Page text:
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from issue no. 06/07 - 2009

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Confession: the sacrament of the humilty of the faithful

by Lorenzo Cappelletti

“In our day, in vast areas of the world the faith is in danger of dying out like a flame which no longer has fuel”. Thus, in the letter sent to all the bishops of the world on 10 March, Benedict XVI described the current condition of faith. A little less than a year earlier, talking to the participants at the annual course organized by the Apostolic Penitentiary, he had recourse to similar expressions, describing the “dying out” of the practice of confession, a symptom of the widespread “disaffection” from the sacrament also registered in the Church.
The use of the same metaphor – that of “dying out”, of losing – is itself eloquent. The sacrament of confession is lost when faith is lost.
The cause of the loss of faith may be the freedom of man. When, like the rich young man, one says no to the loving attractiveness of grace. But faced with the dying out of faith in vast areas of the world, what is required first of all is prayer because, “when it comes to faith, the great director is God, given that Jesus said: no one comes to me unless my Father draws him”. Thus Pope Luciani.

It being determined that the main cause of the dying out of the sacrament of confession is the dying out of faith, it can also be added that the centering of the life of Christian communities on events rather than on everyday life has also contributed to the disappearance of the practice of this sacrament. And daily life is made of prayer (“the little morning prayer” and “the little evening prayer”, as Pope Benedict recently reminded children) and of the forgiveness of our failings. “Quotidie petitores, quotidie debitores” (St Augustine). Every day we must pray, every day we must be forgiven. The Vatican II Ecumenical Council, in Lumen Gentium, mentions that it is precisely “in the ordinary conditions of family and social life of which existence is interwoven” that the faithful “make Christ visible to others with the radiance of faith, hope and charity” (n. 31).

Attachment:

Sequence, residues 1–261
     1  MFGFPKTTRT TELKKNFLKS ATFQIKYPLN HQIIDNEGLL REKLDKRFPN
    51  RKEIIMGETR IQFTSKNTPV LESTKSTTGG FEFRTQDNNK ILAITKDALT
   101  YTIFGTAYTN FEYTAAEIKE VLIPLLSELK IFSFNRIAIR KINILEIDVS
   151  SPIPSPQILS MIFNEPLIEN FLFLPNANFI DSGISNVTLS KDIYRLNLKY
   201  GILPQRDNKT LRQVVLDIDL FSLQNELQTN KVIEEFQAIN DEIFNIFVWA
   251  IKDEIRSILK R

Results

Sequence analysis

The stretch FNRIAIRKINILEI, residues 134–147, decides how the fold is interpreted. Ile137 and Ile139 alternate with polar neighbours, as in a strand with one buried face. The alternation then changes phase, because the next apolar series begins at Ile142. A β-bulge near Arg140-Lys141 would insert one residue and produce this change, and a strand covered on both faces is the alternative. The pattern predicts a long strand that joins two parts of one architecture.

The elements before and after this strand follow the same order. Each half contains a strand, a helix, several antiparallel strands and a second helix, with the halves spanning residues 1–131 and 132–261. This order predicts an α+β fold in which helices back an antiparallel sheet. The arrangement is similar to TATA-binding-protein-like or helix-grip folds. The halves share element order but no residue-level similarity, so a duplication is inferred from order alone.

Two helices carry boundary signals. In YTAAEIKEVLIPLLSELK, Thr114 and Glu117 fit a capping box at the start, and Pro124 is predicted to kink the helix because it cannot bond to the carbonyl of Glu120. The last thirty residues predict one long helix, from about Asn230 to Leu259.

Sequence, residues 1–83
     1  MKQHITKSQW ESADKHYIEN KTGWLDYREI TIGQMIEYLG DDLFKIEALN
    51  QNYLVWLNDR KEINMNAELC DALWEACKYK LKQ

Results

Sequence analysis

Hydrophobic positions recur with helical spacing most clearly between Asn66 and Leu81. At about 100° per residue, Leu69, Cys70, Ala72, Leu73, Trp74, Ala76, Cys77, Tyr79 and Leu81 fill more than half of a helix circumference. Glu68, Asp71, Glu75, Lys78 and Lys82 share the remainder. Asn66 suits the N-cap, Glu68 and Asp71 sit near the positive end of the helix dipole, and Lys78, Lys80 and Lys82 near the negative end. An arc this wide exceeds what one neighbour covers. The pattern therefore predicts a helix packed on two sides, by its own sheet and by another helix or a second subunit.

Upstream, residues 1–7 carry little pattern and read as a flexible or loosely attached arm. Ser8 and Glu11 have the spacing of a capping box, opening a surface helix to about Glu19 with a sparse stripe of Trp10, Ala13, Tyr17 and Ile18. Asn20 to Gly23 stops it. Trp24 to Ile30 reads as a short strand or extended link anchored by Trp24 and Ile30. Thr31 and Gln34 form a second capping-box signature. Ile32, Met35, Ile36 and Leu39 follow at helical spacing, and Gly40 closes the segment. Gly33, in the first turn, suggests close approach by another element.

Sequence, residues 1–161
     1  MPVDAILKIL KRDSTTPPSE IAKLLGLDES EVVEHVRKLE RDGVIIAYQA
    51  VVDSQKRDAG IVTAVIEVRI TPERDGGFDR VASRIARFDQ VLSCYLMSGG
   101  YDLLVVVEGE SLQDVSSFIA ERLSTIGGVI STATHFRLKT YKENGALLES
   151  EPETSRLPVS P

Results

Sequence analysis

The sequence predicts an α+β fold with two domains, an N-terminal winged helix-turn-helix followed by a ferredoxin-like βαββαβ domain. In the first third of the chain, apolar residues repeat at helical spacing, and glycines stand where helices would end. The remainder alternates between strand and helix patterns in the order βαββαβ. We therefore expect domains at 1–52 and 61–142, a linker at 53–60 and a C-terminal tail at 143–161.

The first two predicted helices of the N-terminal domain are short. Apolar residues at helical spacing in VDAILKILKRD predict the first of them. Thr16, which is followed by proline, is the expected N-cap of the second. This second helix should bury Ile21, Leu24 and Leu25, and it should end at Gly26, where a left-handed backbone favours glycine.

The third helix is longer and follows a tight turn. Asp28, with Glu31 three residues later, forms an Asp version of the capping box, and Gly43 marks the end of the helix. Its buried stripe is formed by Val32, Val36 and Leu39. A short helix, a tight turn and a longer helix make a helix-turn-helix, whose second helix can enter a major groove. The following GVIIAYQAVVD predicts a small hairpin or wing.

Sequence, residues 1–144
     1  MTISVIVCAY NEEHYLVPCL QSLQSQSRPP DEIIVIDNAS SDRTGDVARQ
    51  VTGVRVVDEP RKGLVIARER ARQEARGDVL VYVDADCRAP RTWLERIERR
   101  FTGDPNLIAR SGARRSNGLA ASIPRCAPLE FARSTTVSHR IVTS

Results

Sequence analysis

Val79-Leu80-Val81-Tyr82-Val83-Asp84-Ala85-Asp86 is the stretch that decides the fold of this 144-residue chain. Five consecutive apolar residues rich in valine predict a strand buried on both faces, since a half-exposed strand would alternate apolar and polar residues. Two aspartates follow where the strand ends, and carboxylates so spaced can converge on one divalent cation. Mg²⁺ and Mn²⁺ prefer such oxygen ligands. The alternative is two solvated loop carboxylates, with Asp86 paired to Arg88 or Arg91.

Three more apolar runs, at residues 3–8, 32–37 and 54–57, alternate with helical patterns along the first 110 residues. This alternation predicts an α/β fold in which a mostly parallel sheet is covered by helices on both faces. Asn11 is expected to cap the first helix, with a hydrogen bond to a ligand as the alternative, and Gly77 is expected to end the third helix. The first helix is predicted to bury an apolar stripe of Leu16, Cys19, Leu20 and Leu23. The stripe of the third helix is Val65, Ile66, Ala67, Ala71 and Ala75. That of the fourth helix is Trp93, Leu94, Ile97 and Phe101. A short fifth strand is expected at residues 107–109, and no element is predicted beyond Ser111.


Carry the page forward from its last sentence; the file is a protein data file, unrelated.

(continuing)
No longer recalling the tragic possibility of committing the sin of sacrilege when one approaches communion unworthily (cf. 1Cor 11, 27-32) can also be a further occasion of the dying out of the practice of confession. With sorrow we note that in the Compendium of the Catechism of the Catholic Church the sin of sacrilege committed both when some mortal sin is culpably concealed in confession, and when communion is approached unworthily, that is in mortal sin, is no longer mentioned.
When the confession of sins is “humble, complete, sincere, prudent and brief,” as we learned as children in the Catechism of Saint Pius X, along with forgiveness, the grace of humility is also received and learned in the sacrament of confession. Thus confession is experienced as the sacrament of the humility of the faithful that makes it possible to approach the sacrament of humility of the Lord worthily, according to the splendid definition that the Pope gave of the Eucharist as “the most humble and most holy sacrament”.

The “Nova et vetera” feature reproposes the article that Stefania Falasca dedicated to the Capuchin friar Leopoldo Mandic, holy confessor, in January 1999.
Those who confessed to Father Leopold learned that there is no need to add long speeches to the confession of one’s own poor sins (confessing to Father Leopold was usually a very brief matter): merely getting on one’s knees to confess sincerely contains in itself the contrition necessary and sufficient for receiving absolution.

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